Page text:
Really special FX

With top American action drama like The Shield and The Wire, FX289 is winning fans among men bored with lad-lite cable channels, says Ben Raworth

On the well-worn patch of formulaic wasteland that is cable and satellite viewing aimed specifically at men, a minor revolution has slowly been taking shape over the past few months. FX289, the new Fox-owned UK satellite channel, is offering top-rate drama and comedy, and not a babe or motor in sight. FX is fast becoming an essential destination for those in the know, and with a winter line-up that puts most terrestrial stations to shame, the channel could well have more than cult appeal by the spring.

On the well-worn patch of formulaic wasteland that is cable and satellite viewing aimed specifically at men, a minor revolution has slowly been taking shape over the past few months. FX289, the new Fox-owned UK satellite channel, is offering top-rate drama and comedy, and not a babe or motor in sight. FX is fast becoming an essential destination for those in the know, and with a winter line-up that puts most terrestrial stations to shame, the channel could well have more than cult appeal by the spring.

What was the thinking behind a launch into a mature market with more than 400 channels already available? Jason Thorp, vice-president of broadcasting and marketing for FX, says the niche for FX was apparent as soon as they started looking closely at the scheduling of the other men's channels. "When we launched in January 2004 as an entertainment proposition aimed at men," he says, "the cable and satellite universe was criminally under-served in terms of quality entertainment for men - that is, drama and comedy. Simply put, what men's channels there were, were not showing good programmes."

Coming to the market late meant FX knew it had to have a strong proposition in order to make any impact. Oddly, creating this strong proposition became easier once the core idea of quality was established: the paucity of any kind of decent programming on other men's stations meant that FX could, in effect, become a trailblazer for quality, edgy drama and good, original comedy in an already mature market. FX's approach is simple: create a small, niche channel and build a reputation to begin to attract viewers.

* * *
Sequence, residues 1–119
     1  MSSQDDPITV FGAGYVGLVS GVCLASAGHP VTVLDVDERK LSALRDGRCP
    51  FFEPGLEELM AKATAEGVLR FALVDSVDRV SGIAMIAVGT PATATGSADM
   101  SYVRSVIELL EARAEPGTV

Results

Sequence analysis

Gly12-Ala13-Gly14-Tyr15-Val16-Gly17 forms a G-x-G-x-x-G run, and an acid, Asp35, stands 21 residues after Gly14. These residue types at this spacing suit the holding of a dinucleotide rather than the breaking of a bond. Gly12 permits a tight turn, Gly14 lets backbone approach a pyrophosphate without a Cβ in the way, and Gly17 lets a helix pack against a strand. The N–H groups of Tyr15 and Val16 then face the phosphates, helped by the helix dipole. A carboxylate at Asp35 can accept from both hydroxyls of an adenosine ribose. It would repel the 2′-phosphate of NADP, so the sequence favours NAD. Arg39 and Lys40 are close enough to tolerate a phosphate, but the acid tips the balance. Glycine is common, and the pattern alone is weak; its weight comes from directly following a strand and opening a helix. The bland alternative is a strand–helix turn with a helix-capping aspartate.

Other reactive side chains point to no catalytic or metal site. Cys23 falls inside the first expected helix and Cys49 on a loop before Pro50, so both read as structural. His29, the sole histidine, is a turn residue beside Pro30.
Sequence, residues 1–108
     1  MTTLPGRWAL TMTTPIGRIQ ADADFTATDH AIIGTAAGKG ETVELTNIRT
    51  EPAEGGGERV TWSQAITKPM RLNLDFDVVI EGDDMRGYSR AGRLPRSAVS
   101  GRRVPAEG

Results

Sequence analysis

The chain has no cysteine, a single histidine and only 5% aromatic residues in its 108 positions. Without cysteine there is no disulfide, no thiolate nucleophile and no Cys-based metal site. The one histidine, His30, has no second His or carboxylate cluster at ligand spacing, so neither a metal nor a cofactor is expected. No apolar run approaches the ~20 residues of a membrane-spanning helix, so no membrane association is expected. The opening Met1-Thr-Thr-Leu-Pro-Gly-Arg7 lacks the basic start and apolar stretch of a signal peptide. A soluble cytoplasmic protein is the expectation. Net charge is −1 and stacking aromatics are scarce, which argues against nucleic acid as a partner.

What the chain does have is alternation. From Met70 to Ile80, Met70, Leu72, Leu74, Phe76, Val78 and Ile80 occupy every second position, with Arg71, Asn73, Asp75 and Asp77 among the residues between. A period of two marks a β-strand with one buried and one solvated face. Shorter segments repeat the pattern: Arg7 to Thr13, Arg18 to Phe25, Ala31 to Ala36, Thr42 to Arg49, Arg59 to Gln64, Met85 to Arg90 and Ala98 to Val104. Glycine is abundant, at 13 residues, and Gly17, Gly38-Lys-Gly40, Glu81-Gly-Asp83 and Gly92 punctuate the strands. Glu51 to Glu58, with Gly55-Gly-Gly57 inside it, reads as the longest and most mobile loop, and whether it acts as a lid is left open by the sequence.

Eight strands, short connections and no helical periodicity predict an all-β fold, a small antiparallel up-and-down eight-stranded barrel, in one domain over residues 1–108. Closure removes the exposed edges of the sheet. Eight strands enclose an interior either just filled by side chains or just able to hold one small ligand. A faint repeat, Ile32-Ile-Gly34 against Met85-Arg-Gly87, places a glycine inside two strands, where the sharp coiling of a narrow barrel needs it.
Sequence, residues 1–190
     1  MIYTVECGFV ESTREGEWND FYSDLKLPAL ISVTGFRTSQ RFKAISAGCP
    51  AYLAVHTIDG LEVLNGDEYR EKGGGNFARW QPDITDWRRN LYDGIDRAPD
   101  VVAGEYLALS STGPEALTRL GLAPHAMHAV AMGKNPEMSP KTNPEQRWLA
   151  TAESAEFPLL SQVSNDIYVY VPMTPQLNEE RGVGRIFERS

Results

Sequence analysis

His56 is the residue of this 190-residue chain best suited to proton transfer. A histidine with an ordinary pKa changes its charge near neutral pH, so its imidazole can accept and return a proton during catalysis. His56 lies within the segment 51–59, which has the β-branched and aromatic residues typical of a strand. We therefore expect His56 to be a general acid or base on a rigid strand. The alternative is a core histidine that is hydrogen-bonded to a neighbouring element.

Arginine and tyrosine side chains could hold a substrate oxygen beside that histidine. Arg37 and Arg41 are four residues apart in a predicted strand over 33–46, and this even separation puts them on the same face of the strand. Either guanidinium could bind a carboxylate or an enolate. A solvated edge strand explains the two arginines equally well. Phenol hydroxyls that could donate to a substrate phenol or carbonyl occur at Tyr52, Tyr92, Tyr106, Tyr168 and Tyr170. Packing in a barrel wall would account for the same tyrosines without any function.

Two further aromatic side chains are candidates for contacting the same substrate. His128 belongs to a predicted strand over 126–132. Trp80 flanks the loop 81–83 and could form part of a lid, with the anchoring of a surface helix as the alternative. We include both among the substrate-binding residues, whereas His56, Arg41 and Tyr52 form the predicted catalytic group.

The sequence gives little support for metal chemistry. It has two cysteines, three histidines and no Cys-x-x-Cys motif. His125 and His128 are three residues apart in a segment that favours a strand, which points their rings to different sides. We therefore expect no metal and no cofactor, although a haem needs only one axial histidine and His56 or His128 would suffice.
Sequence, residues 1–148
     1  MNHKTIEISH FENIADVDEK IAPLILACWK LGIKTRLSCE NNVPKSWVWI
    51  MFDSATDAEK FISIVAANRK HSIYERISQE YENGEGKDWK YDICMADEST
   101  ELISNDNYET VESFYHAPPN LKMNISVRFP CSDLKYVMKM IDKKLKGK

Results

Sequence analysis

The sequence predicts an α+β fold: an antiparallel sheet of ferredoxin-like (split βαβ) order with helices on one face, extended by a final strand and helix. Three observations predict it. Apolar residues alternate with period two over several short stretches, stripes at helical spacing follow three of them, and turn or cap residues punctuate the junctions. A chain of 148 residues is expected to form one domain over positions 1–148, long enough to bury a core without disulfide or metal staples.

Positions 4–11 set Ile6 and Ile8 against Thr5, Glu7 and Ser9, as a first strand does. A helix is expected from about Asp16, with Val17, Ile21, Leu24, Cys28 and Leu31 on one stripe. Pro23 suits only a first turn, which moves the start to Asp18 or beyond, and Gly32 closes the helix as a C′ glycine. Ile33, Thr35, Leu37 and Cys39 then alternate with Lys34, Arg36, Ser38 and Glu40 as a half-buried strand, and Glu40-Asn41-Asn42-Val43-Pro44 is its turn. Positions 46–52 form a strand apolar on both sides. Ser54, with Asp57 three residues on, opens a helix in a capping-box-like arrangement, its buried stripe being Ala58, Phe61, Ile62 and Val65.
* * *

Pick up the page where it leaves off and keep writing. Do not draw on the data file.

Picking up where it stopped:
"The UK was a logical step for Fox International," Thorp says. "For our programme choice we wanted small entertainment brands with a really strong pedigree. We want to be a channel for 25- 44-year-old men who are poorly served by what is out there at the moment. What men's channels there are seem to be based entirely on very dated lad culture."

FX sees itself reaching out to an audience which, if its research is anything to go by, wants and appreciates good- quality viewing.

"Our strategy is basically about quality and talkability," Thorp claims. "FX should become a destination viewing point for a certain group of men. We want men to have it at the top of their viewing list."

FX finds itself in what could turn out to be the envious position of being a "challenger brand". Where other stations have committed themselves to the predictable, tired formula of lad-lite, FX can take chances and test the market. "We think our viewers will allow us to take risks," Thorp says. "If the channel has a reputation for excellence and innovation, our viewers will expect us to push things and go out on a limb once in a while."

The programming is spot on. All the programmes are American, but of a standard which suggests FX is earnest when it claims it wants to attract the kind of men who appreciate quality. Picking a strong crop from Showtime, Comedy Central and HBO, FX's schedule cornerstones could easily become must-see TV for their target audience. Huff, a comedy drama about a psychiatrist in crisis, has already received rave reviews in the States. Reno 911, a comedy centred on a Nevada police department, manages to be original, funny and well-acted. FX also has the UK premiere of HBO's The Wire, a superb police drama already described by The Washington Post and the Chicago Tribune as simply "the best show on TV". Preview tapes of all three confirm the hype: this is television at its very best.

To attract viewers to its new programming, FX has studded its winter schedule with established stars. The Shield (the third series of this superlative cop drama screens later this season), Family Guy, King of the Hill, X-Files and NYPD Blue are all laced through the schedule. "We are setting out our stall with the programmes we are showing," Thorp says.

Being a "challenger brand" also means that FX can transmit programmes which channels with broader appeal have to leave untouched, such as the critically acclaimed Carnivale (a supernatural drama set during the 1930s Great Depression) and the hard-hitting American football drama Playmakers. "We are not about creating a destination which attracts vast numbers," Thorp admits with refreshing candour. "But those that do come along will really appreciate what we are doing. Sky One would not be able to touch Carnivale. We are happy to take a risk.

"We are up and running, and the January schedule is very, very strong. The next step is to improve distribution and reach people, then let them make their own minds up."

The much-derided 25-44-year-old group of men FX is aiming at will, if given a chance to see the station, like a lot of it. FX could have the talkability it is after sooner than it thinks.

Ben Raworth is deputy editor of 'Loaded'

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